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  • Technical Analysis Drawings

    Horizontal and parallel lines

    The best place to start when it comes to technical analysis is to put up a chart and look for areas of possible support and resistance.

    If you can identify an area or specific price level which the market bounces off (support) or pulls back from (resistance) then you have got the starting point for a potential trade.

    Use the horizontal line to link up such levels and this will help show if a trading range is developing. Likewise, the parallel lines tool can do the same thing to help establish if a market is trending, either up or down.

    Again, this will help you identify areas of support and resistance which then provide potential entry and exit points for trading.

    Fibonacci​​ Retracements

    The Fibonacci Retracement is a drawing tool which can help identify areas of support and resistance, and potential price reversal levels.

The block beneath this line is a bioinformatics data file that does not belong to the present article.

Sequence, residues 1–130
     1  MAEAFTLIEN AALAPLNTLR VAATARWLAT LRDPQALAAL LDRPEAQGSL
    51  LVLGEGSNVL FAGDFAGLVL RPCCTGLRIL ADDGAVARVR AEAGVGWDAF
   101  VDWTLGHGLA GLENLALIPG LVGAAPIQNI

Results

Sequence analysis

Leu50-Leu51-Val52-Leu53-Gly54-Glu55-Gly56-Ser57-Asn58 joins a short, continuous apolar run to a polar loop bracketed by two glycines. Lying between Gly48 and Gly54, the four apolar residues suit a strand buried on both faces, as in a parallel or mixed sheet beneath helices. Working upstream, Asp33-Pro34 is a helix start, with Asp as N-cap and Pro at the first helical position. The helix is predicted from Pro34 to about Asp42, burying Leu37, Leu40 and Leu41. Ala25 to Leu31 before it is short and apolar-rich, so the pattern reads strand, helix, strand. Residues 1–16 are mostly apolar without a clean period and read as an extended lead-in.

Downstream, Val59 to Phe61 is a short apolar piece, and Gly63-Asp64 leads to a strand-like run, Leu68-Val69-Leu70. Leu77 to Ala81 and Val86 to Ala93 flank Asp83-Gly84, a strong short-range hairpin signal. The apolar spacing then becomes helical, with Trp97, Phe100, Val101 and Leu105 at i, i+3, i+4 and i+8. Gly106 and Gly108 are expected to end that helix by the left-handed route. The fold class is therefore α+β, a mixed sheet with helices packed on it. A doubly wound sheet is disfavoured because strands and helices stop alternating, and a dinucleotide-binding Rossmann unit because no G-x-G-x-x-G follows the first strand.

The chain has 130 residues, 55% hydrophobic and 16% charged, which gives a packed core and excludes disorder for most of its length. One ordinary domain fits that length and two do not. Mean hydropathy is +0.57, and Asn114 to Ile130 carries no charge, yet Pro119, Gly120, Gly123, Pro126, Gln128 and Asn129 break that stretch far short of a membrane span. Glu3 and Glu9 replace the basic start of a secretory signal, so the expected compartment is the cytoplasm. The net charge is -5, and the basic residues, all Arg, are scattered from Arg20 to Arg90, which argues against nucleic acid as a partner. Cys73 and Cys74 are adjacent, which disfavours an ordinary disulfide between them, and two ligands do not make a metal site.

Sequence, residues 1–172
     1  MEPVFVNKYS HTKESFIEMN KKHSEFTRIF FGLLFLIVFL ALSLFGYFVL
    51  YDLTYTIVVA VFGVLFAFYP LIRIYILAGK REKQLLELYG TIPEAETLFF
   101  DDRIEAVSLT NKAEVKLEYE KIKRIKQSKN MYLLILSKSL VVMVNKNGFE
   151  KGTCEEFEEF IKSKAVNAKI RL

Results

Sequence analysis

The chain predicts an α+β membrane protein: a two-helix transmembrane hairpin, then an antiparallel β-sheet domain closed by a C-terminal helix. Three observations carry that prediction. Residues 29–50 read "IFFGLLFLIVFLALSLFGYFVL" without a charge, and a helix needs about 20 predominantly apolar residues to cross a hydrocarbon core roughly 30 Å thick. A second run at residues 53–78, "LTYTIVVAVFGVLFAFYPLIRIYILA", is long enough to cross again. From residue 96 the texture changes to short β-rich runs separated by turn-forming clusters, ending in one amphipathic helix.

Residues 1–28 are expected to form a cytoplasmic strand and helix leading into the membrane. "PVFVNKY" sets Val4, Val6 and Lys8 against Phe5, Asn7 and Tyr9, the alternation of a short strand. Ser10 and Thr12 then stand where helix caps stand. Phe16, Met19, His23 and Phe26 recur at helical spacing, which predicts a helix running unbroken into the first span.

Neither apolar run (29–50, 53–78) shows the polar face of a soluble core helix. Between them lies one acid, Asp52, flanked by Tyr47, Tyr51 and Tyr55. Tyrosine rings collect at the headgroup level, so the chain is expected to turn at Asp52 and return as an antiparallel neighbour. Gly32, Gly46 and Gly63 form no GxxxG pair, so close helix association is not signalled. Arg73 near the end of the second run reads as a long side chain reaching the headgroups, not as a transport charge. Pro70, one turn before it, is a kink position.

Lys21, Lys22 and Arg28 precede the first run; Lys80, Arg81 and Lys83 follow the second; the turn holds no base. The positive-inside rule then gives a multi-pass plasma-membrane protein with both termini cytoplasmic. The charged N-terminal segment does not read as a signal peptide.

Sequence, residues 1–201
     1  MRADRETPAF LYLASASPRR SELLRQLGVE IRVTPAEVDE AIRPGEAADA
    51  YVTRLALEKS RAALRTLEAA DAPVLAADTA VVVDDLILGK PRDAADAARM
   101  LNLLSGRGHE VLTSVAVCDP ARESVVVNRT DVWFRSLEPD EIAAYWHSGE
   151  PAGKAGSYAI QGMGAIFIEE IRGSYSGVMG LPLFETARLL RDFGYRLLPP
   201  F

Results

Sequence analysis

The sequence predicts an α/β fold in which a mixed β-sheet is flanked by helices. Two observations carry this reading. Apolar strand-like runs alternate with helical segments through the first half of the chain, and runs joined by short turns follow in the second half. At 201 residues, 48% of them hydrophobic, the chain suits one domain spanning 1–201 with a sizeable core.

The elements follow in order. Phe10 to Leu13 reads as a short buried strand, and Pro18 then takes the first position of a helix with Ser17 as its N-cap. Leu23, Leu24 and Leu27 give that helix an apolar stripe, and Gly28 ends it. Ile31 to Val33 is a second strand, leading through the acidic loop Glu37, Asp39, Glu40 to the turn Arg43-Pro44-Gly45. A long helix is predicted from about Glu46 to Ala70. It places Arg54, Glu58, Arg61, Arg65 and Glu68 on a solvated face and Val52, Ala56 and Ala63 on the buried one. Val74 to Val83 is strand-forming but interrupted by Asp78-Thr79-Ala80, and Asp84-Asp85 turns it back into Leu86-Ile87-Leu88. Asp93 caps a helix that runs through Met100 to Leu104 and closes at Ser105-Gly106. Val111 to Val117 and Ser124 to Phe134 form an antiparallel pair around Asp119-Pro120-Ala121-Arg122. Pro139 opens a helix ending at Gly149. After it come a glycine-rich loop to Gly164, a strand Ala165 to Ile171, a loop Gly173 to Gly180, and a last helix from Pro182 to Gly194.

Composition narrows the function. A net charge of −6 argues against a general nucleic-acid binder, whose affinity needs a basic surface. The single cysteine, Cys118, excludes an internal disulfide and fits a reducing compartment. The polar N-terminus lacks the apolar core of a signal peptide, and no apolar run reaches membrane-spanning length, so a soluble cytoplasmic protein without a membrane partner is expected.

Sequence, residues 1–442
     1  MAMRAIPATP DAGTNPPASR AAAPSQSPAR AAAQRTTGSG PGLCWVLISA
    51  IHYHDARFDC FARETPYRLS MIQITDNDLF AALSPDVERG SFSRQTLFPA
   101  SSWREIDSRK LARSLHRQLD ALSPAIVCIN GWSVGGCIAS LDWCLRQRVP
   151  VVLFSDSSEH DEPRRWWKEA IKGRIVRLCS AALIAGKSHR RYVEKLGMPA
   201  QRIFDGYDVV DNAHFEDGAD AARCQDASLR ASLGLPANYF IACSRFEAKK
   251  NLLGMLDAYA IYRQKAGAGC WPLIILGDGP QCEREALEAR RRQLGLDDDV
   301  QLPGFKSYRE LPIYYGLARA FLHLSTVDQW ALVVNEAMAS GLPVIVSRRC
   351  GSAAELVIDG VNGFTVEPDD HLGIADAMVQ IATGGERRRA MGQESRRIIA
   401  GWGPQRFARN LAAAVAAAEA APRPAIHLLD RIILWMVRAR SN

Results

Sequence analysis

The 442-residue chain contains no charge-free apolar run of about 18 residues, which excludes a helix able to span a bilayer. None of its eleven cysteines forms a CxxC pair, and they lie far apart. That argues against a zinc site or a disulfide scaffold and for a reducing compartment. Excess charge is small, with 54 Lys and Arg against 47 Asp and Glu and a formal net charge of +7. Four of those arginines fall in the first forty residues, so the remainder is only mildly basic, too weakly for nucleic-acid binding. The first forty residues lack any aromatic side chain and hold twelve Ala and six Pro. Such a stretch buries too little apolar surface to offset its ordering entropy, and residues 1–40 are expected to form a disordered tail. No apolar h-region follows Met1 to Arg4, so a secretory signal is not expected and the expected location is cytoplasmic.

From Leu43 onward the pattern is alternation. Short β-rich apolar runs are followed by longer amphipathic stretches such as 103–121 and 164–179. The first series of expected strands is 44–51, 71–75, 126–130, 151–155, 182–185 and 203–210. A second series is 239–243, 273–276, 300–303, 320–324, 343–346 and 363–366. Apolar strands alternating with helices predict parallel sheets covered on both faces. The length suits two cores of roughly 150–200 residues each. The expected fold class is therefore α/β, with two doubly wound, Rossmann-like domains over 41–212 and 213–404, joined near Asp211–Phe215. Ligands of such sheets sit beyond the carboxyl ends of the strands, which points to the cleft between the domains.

The retracement is created by drawing a line between a significant low (or high) and a significant high (or low). Then horizontal lines are drawn between these two levels according to a specific ratio based on a number sequence made popular by the 13th century mathematician, Leonardo Pisano Bogollo. Quite often we see these horizontal lines act as support and resistance.

    Consequently, traders watch to see if future price movements bounce off support or pull back from resistance.

    The 50% line also isn’t a Fibonacci Retracement level. Nevertheless, it appears in the drawing tool and can often acts as an area of support/resistance where a price reversal can occur. The 50% level is also a key number in the Gann retracement (a similar drawing tool) so this is another reason for its significance.

    The Fibonacci Retracement can provide a framework to help identify significant areas of support and resistance. However, this isn’t a strong enough basis on its own for a full trading decision. The Fibonacci Retracement should be used as a predictive tool.

    Traders can look back to see how prices behaved as the high-low (or low-high) Fibonacci points were formed. But ultimately the Fib is only useful if it can accurately identify significant support/resistance levels where prices may either turn, or, once broken, continue in the original direction.

    However, it needs to be used in conjunction with other technical indicators (such as RSI or MACD) while macro events must also be taken into consideration.

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